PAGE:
Tuesday, October 6, 2009

Rep. Jim Moran Told Creigh Deeds He Should Be Using A Postive Message

Almost everybody that I've spoken with who knows Creigh Deeds agrees that he's an extremely nice guy who brings a lot to the table. The fact that he's not afraid to be himself and admit that he's a "work in progress" on things such as gay rights is one of the reasons that he was able to pull off a come from behind victory in the Democratic primary. Anyone who was in Blacksburg for the netroots debate, for instance, might remember that Creigh simply would step back and let Moran and McAullife go after each other before he'd step up to the microphone and put forward a plan that made a lot of sense and avoided the negativity that was consuming the debate.

What a lot of progressive activists are concerned about is the fact that for some reason we haven't seen enough of that candidate recently. Instead we are hearing a lot about McDonnell's thesis. Now don't get me wrong, I agree that the campaign should give some attention to the fact that McDonnell argued that working women are "detrimental" to society but the average voter also wants to know why he should be voting FOR Creigh on November 3. I know several people have brought this up recently with the campaign and, according to the Washington Post, it appears as though Rep. Jim Moran has mentioned this directly to Creigh.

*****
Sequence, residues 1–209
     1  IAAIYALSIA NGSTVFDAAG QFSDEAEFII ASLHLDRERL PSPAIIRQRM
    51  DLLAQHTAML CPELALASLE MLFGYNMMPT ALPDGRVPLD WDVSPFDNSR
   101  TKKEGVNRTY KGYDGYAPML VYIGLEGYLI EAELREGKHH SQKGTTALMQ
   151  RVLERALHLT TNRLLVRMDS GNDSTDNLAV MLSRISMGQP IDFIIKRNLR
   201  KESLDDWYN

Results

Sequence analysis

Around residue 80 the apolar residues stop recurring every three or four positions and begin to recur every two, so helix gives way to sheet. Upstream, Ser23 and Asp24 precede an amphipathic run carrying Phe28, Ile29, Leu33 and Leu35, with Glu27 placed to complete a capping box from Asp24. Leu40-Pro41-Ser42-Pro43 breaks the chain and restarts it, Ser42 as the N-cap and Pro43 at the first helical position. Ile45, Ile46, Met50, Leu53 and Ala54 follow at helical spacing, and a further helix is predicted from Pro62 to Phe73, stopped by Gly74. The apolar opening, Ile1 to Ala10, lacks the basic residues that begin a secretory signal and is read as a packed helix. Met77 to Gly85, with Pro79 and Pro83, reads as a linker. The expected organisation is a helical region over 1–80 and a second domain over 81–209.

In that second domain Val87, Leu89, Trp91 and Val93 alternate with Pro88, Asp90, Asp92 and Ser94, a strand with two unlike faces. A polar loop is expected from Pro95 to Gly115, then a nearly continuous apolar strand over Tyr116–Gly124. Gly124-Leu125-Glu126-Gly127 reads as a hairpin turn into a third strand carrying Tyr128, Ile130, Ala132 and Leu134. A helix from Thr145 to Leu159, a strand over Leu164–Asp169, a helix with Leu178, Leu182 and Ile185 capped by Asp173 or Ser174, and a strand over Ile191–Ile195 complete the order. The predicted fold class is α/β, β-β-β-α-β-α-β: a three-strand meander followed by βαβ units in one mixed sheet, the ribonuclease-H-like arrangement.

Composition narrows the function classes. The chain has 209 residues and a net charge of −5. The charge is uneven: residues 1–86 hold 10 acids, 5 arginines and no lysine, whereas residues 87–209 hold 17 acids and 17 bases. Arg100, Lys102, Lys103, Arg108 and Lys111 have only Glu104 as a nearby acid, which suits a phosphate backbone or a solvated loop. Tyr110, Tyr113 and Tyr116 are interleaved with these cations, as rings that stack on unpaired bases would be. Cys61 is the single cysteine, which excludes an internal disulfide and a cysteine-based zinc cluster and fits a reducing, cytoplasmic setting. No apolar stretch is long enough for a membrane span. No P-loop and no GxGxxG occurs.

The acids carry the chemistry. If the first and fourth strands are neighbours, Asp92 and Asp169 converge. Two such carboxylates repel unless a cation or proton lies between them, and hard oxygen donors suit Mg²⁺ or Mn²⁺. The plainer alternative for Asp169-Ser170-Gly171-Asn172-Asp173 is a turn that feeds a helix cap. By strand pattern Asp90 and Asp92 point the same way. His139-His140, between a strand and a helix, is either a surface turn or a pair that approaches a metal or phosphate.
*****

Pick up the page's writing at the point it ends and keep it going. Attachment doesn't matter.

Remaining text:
"We had a conversation last night," Moran said. "I said: 'All your consultants are going to tell you to go negative, just like they told my brother. And spend all your money on negative because positive ads don't move anything.' ... I said: 'You've got to go with your instinct. You're a genuine guy. People relate to you.' "

"That's how Creigh won the primary and I think that's how he'll win the general, by showing that he's very decent guy," Moran continued. "People know about the thesis -- the people who care about the thesis, they're in Northern Virginia and they read The Post and they know. But there's got to be more. He's got to give people a reason to vote for Creigh."
As we're heading into the final month of the campaign, it's important to note that at this point in the primary there weren't too many pundits who thought Creigh had a chance of winning. The Washington Post endorsement then gave the campaign the positive momentum changer that Creigh needed to win the nomination. With the polls showing that the race is relatively close, Creigh's campaign could use another positive momentum changer to help him win on November 3. I strongly believe that a good ad that carries a positive message people in the field can also carry when talking to voters will help remind voters of why Creigh should be our next governor. Based upon conversations I've had with folks in the campaign, it appears as though they are listening and I'm optimistic that we will be hearing a more positive message in the near future.

No comments:

Post a Comment